Ramadan Reflection #5: Repel Evil With Good

When I look at the intense craziness happening in the world, I am reminded of the example of the Rasool, sal Allahu ‘alayhi wa sallam, time and time again. Despite the immense backlash the Prophet faced in Makkah, the torture and humiliation of his followers, he was still kind to those whom oppressed him the most. In this, as always, there are many gems for us.

The Prophet’s return to Makkah after its conquest has many lessons for us in his interaction with those who mistreated him and his followers.

Khalid ibn Waleed, a name we are familiar with, was responsible for a huge amount of death and injuries of Sahabah in the Battle of Uhud. Clearly at that time, he was on the other side. After the Conquest of Makkah happened, he fled the city. He assumed, as many would, that he was going to be punished for his previous actions. The Prophet found his brother was like where did Khalid go? He’s such a great guy, an intelligent man. He didn’t mention negative qualities – he only focused on the positive. His brother later tells Khalid that the Prophet was speaking so highly of you, welcoming you back. This simple act turned the heart of Khalid. He became one of the heroes of Islam, as many of us know him now, and carried the Muslims to countless victories.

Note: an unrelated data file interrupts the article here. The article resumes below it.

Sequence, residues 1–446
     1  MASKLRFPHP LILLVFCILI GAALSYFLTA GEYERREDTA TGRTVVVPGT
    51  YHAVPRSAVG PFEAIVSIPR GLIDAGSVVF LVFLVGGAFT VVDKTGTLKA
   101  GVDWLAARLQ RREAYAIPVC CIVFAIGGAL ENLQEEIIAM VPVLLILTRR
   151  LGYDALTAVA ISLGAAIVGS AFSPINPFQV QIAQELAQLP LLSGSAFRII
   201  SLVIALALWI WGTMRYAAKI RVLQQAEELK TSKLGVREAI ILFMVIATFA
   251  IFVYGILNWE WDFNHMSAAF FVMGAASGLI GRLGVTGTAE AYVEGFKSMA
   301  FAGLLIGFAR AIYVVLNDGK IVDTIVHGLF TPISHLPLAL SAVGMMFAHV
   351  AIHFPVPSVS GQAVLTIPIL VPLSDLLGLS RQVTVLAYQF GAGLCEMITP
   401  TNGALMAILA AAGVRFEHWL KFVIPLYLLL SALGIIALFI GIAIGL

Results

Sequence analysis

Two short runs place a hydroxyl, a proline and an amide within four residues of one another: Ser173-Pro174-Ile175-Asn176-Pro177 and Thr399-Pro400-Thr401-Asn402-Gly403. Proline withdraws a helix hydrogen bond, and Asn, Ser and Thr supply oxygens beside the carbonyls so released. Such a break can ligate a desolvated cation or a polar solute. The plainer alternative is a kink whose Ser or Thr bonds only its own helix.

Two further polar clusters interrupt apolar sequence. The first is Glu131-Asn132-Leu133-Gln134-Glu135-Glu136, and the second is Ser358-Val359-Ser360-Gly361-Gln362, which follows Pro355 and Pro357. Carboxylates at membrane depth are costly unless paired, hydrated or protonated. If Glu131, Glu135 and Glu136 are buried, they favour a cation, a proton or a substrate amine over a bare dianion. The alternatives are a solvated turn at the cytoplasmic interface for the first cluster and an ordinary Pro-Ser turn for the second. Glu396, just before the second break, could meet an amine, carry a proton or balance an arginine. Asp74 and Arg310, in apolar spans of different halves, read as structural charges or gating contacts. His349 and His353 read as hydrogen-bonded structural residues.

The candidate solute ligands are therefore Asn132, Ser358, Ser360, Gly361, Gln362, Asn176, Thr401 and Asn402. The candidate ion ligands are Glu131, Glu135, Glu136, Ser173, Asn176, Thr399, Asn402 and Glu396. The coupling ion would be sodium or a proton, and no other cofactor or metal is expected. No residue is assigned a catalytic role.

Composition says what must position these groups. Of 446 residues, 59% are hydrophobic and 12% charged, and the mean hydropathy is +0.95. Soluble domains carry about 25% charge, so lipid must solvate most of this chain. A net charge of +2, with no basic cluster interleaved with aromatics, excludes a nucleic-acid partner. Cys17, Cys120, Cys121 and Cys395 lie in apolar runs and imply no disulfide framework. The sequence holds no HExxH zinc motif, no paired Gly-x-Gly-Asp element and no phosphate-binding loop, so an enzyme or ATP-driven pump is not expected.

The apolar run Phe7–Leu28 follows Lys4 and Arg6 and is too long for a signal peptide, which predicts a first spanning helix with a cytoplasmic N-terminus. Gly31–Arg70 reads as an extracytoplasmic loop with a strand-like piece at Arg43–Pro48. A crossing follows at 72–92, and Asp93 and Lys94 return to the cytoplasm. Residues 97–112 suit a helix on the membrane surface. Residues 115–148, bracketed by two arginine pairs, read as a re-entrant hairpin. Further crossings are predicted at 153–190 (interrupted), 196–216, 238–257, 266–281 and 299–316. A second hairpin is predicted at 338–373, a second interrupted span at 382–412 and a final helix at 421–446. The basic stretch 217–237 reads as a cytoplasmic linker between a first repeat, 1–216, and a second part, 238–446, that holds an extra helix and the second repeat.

Hind, the wife of Abu Sufyan, hired Wahshi to kill Hamza ibn Abdul Mutalib, the Uncle of the Prophet (S) during the Battle of Uhud. She then personally mutilated his body, took out his liver, and chewed on it. Imagine the amount of hatred that leads a person to do such a thing. Later during the Conquest of Makkah, Abu Sufyan left Makkah to approach the Muslims to broker a peace deal and he was granted protection. He came home and Hind, his wife, ordered people to go kill her husband because she felt he begged for his life. She was still staunchly against them. Yet even her heart was melted by the generosity, kindness, respect given by the Prophet despite everything she had done.